•  Even in the face of identified and treated pathologic conditions, the child may continue to have FTT related to a significant behavioral component. Many of these children have developed a conditioned aversion to eating which persists even after effective therapy has been instituted.
  • FTT that began as a result of anatomical anomalies may also persist even after technically sound surgical repair. Interruption in the critical periods for introduction of food consistencies and delays in the development of feeding skills need to be recognized and addressed.

Behavioral interventions

Like all other forms of physical and or occupational therapy, a prolonged regimen of training the family and implementing the program is often required to correct deficits.

The scope includes educating and training the parent/care provider to implement improved feeding and swallowing programs .This includes the foods to work on, ways to enhance calories, feeding schedules, textures, amounts and modifying approaches as progress is made.

Children with FTT may demonstrate a variety of behaviors to avoid eating including crying, tantrums, throwing food, excessive talking, vomiting, and expelling food. Parents respond to these behaviors by coaxing, pleading, yelling, and threatening, which provide attention to the child’s refusal behavior.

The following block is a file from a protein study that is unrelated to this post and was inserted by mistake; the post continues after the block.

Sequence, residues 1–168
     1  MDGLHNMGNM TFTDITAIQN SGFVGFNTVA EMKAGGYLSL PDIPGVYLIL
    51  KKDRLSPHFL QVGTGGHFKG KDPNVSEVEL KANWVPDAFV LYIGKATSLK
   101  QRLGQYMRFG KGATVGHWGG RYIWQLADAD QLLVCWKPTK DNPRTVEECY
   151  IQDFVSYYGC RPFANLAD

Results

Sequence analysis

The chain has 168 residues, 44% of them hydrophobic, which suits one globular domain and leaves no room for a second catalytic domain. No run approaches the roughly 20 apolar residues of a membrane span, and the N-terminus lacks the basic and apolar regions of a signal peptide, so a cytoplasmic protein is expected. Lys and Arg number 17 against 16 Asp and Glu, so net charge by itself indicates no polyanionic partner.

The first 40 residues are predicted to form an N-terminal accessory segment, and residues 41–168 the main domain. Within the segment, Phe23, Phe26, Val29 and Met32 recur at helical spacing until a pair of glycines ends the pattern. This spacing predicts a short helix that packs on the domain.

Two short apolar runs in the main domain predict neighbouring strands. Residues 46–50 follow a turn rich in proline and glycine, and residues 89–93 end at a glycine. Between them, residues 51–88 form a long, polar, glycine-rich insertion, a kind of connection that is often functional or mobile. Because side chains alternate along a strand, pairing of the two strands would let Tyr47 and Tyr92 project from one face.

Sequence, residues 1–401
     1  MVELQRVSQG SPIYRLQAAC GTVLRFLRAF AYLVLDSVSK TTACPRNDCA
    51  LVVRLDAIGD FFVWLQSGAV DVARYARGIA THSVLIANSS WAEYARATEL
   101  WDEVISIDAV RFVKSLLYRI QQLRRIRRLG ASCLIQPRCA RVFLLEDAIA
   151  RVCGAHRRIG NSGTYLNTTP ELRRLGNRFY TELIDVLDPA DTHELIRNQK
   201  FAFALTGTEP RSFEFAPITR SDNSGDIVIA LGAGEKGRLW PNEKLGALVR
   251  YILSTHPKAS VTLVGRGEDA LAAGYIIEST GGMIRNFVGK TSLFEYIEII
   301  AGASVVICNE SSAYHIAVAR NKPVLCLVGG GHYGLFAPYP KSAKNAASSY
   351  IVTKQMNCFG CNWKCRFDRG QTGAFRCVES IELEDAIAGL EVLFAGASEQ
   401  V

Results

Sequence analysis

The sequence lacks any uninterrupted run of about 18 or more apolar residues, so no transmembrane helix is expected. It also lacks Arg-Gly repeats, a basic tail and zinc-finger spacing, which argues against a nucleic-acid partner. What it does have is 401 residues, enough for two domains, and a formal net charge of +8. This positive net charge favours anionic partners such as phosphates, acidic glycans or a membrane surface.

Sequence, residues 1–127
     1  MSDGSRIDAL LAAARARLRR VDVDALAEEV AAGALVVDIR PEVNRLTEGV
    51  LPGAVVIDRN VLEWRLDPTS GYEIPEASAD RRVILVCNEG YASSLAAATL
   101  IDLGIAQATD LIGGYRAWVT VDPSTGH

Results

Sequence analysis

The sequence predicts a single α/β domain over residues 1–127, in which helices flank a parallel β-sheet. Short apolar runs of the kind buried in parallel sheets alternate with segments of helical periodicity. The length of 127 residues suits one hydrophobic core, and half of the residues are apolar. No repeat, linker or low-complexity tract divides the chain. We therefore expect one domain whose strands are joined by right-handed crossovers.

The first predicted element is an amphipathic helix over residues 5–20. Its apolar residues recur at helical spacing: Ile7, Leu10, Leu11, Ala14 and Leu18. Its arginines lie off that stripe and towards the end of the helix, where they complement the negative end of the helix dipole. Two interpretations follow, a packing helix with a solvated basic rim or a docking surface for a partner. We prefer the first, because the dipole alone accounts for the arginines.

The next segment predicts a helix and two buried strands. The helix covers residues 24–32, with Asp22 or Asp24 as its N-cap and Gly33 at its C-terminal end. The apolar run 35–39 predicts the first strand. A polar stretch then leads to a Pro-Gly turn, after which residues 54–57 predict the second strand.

In a review of 38 treatment intervention studies of subjects with medical conditions, the primary focus was to describe the behavioral components of the intervention. In 21 of the 38 intervention studies ignoring was paired with providing attention contingent on appropriate mealtime behaviors like eating. Positive reinforcement was the most common component described. Positive reinforcement helped teach the children that eating was no longer associated with discomfort and instead became an enjoyable activity. [70]

A variety of behavioral therapy methods have been successfully employed to treat feeding refusal. [71, 72, 73, 74, 75]

A significant addition to treat the difficult FTT child has been the development of comprehensive behavioral treatment programs. These can be at inpatient, or outpatient centers or through  home based therapy programs. The goal includes teaching parents and caregivers how to continue the intervention and ultimately change the child’s behavior. The parents are often directed to provide a good proportion of this therapy with additional home visits by the therapist.